Walter said...

The Trinity concept is completely irrational (to me anyways). No matter how many ways I tried to spin it 1+1+1=3 and not 1.

Trinitarian Christians seem to be polytheists, not monotheists.

Gregory said...

The problem with non-Trinitarian rationalists is the propensity towards falsely assuming a numeric identity between "person" and "substance".

Yet, these same people will content themselves with the "scientific" belief that light can exhibit "wave-like" and "particle-like" behavior. Or that a singularity-state of zero energy/mass can "bang" into a universe, and evolve from zero complexity to enormous complexity.

For those "monotheists" who reject Trinitarian theism:

A "mono-person" godhead cannot be "personal", since there was a time in which there were no "persons" to relate to. What you have, in that case, is simply a non-personal Monad.

A person qua person, is completed within the context of community. A mono-personal god, before the creation, lacked community and relationship. Therefore, that kind of "god" is incomplete and lacking.

Walter said...

Robert Ingersoll said it best:

Christ, according to the faith, is the second person in the Trinity, the Father being the first and the Holy Ghost third.

Each of these persons is God. Christ is his own father and his own son. The Holy Ghost is neither father nor son, but both.

The son was begotten by the father, but existed before he was begotten--just the same before as after. Christ is just as old as his father, and the father is just as young as his son.

The Holy Ghost proceeded from the Father and Son, but was equal to the Father and Son before he proceeded, that is to say, before he existed, but he is of the same age as the other two.

So it is declared that the Father is God, and the Son and the Holy Ghost God, and these three Gods make one God. According to the celestial multiplication table, once one is three, and three time one is one, and according to heavenly subtraction if we take two from three, three are left. The addition is equally peculiar: if we add two to one we have but one. Each one equal to himself and to the other two. Nothing ever was, nothing ever can be more perfectly idiotic and absurd than the dogma of the Trinity.

Gregory said...

Robert Ingersoll's "argument" is pedestrian and sophomoric, at best. Especially since he claims to be an "agnostic" about God. How can a man who claims that he cannot "know" God, then proceed to pontificate about Him?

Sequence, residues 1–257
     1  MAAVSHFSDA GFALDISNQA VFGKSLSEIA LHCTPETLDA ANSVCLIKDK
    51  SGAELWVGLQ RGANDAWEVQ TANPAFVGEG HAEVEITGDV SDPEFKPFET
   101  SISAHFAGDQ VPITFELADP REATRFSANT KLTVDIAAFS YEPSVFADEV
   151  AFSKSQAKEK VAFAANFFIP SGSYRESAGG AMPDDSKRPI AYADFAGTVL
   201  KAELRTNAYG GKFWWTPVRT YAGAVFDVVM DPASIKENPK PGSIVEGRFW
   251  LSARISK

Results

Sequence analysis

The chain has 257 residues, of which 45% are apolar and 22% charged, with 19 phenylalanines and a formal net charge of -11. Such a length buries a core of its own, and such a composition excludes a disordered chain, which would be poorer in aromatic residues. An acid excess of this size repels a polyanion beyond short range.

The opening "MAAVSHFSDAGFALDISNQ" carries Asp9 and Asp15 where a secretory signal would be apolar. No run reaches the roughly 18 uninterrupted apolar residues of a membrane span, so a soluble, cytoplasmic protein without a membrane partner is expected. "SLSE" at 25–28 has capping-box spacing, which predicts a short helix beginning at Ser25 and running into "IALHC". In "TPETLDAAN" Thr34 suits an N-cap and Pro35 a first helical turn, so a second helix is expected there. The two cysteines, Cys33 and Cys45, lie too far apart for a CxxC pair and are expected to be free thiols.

Secondly, he mistakenly presumes a numeric identity between "person" and "substance". Let demonstrate his folly:

I am, myself, a "person". Presumably, I am also "human". But according to Ingersoll logic, I would be the only human, since only one "person" can actually instantiate a "substance".

Hence, this "brilliant" piece of rhetoric:

"So it is declared that the Father is God, and the Son and the Holy Ghost God, and these three Gods make one God"

So I say:

"Gregory is human, Victor is human and Walter is human, and these three humans make one human."

That assumption [i.e. a person is numerically identical with substance] is the error which under-girds the flavor and texture of this kind of anti-Trinitarian "logic" pretzel.

If you're going to quote from a skeptic, at least quote from one who also possesses some common sense.

Gregory said...

But at least Mr. Ingersoll now "knows" that the Christian Church has been right all along....and that's what really counts.

Walter said...

If you're going to quote from a skeptic, at least quote from one who also possesses some common sense.

I, too, am an agnostic. I was not approaching the topic from a non-trinitarian Christian viewpoint.

The Trinity is a human invented doctrine created to salvage the belief that Jesus was God. Problem was: If Jehoveh/YHWH is God and Jesus is God, then we have a problem, Houston. Too many Gods!

If God has given me the gift of reason, then He expects me to use my reason. If a human doctrine defies reason, then I must abandon that doctrine. I can make no rational sense out of the dogma of the Trinity.


Ilíon said...

VR: "I didn't know this paper was still on the internet."

This seems to imply that it has a certain age. Do you have any idea when it was written?

Ilíon said...